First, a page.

Tuesday, April 05, 2005

COM: DeLay's tracks murkier . . .

From the New York Times posted late tonight . . .

Political Groups Paid Two Relatives of House Leader
April 6, 2005

WASHINGTON, April 5 - The wife and daughter of Tom DeLay, the House majority leader, have been paid more than $500,000 since 2001 by Mr. DeLay's political action and campaign committees, according to a detailed review of disclosure statements filed with the Federal Election Commission and separate fund-raising records in Mr. DeLay's home state, Texas.

Most of the payments to his wife, Christine A. DeLay, and his only child, Dani DeLay Ferro, were described in the disclosure forms as "fund-raising fees," "campaign management" or "payroll," with no additional details about how they earned the money. The payments appear to reflect what Mr. DeLay's aides say is the central role played by the majority leader's wife and daughter in his political career.

Mr. DeLay's national political action committee, Americans for a Republican Majority, or Armpac, said in a statement on Tuesday that the two women had provided valuable services to the committee in exchange for the payments: "Mrs. DeLay provides big picture, long-term strategic guidance and helps with personnel decisions. Ms. Ferro is a skilled and experienced professional event planner who assists Armpac in arranging and organizing individual events."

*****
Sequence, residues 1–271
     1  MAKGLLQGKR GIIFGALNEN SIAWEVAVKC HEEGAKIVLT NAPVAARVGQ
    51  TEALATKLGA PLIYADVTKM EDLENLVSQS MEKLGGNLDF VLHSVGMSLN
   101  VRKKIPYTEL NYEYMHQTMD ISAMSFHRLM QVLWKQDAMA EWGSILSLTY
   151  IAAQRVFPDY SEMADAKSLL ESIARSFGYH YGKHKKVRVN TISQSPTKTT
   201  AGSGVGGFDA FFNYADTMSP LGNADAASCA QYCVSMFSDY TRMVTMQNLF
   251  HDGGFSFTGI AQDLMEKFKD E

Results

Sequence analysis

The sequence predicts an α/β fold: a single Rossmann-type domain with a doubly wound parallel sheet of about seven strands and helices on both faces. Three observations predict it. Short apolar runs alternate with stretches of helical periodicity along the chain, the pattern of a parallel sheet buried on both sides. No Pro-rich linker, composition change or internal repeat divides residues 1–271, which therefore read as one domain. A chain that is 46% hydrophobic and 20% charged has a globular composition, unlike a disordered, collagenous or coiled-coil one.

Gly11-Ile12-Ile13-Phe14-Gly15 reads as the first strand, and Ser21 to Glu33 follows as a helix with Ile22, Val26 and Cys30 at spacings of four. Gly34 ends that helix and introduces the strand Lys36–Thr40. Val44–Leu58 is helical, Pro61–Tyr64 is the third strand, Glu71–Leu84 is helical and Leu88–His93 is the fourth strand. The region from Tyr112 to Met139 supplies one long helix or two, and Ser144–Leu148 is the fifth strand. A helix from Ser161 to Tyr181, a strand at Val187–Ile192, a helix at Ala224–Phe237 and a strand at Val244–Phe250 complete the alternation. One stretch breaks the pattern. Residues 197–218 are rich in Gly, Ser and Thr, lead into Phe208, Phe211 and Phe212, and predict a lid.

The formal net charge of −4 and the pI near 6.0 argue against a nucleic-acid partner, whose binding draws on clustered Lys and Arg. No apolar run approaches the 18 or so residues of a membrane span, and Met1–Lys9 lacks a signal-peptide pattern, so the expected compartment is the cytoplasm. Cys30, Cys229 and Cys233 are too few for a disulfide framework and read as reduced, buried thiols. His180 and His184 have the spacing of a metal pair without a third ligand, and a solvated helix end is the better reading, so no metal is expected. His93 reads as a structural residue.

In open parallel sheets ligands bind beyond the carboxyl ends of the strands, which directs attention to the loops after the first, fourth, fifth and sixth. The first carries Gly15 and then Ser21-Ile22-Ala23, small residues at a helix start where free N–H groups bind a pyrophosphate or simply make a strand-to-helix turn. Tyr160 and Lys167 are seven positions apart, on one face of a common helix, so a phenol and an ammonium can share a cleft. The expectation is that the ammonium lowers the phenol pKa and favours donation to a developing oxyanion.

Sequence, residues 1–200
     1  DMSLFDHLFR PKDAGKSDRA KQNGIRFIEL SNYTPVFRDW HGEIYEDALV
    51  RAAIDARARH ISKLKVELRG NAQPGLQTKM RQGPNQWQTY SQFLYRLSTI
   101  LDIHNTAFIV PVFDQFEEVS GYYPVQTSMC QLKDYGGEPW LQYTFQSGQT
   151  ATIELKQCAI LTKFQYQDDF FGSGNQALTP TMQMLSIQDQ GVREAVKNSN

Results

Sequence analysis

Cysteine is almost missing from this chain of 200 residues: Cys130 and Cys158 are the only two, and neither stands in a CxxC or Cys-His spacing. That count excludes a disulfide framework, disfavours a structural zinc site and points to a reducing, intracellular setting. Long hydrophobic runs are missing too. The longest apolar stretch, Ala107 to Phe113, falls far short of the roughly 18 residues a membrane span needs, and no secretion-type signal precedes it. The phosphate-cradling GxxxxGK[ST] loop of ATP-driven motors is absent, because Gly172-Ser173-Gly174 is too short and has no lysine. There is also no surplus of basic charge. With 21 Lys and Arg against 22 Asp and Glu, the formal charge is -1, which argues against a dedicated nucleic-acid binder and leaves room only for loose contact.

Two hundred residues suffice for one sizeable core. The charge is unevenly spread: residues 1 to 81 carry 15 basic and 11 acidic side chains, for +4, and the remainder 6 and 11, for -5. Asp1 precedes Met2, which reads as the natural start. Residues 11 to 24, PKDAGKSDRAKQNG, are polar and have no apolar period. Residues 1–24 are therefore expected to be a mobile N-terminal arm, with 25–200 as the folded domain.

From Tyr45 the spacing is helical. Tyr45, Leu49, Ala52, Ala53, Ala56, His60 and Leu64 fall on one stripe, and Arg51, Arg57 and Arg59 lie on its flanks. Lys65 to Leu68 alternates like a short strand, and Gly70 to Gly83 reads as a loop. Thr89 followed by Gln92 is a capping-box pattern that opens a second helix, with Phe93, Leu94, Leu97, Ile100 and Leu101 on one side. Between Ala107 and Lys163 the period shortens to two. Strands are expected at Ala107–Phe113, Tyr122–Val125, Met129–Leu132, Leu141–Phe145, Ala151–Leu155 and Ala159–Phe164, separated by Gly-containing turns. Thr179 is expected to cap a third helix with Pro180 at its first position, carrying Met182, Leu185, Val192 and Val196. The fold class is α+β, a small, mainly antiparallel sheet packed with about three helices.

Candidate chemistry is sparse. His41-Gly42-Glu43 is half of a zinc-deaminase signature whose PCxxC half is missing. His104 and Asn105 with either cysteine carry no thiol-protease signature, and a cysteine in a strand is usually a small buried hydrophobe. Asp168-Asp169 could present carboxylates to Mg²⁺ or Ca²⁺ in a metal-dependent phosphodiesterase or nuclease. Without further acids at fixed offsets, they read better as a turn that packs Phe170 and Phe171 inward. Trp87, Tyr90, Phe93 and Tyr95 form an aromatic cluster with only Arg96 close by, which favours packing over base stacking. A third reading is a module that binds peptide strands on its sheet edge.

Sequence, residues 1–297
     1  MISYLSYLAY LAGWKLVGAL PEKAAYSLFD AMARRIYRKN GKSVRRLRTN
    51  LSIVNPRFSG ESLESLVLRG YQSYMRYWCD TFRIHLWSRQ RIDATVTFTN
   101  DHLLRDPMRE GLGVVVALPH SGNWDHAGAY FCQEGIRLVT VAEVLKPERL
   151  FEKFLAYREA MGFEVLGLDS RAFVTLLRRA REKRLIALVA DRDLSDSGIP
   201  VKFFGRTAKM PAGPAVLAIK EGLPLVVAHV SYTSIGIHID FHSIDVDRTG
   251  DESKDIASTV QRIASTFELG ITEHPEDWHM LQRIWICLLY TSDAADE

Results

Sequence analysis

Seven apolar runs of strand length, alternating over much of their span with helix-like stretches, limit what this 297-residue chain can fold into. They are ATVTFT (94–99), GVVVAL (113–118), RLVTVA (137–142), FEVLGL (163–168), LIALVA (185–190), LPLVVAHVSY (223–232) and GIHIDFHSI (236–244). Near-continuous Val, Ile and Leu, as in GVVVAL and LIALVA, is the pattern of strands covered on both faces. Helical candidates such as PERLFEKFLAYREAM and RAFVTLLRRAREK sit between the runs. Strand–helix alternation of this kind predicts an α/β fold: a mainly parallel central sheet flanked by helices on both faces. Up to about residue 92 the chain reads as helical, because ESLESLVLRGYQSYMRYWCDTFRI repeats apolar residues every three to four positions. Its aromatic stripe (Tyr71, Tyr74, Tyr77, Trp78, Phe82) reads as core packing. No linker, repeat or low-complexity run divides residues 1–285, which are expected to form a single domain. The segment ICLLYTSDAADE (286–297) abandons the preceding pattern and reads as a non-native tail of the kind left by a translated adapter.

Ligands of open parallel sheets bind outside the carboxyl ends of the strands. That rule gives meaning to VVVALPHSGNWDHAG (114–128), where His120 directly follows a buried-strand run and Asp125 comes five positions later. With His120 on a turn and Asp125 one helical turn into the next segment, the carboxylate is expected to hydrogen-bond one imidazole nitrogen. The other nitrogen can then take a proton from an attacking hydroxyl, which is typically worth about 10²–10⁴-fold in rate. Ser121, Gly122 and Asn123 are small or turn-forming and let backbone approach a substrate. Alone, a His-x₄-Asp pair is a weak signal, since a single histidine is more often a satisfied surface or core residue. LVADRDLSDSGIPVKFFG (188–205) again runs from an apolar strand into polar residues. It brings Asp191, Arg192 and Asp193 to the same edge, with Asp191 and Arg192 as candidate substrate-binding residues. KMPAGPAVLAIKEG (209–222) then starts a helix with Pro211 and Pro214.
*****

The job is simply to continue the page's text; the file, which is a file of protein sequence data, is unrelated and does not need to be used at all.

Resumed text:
Mrs. Ferro has managed several of her father's re-election campaigns for his House seat.

His spokesman said that Mr. DeLay had no additional comment. Although several members of Congress employ family members as campaign managers or on their political action committees, advocacy groups seeking an overhaul of federal campaign-finance and ethics laws say that the payments to Mr. DeLay's family members were unusually generous, and should be the focus of new scrutiny of the Texas congressman.

Mr. DeLay, whose position as majority leader makes him the second-most-powerful House member, has offered a vigorous public defense in recent weeks to a flurry of ethics accusations from Democratic lawmakers and campaign watchdog groups, including charges that he violated House rules on travel. The executive director of Americans for a Republican Majority and a major fund-raiser for the committee were indicted in Texas last year on charges of illegal fund-raising, and prosecutors there have refused to rule out the possibility of charges against Mr. DeLay in the continuing inquiry.

Read the rest of the story here.

From The New York Times, 7 April 2005
The guy responds

Eric Lipton and Monica Borkowski contributed reporting for this article.


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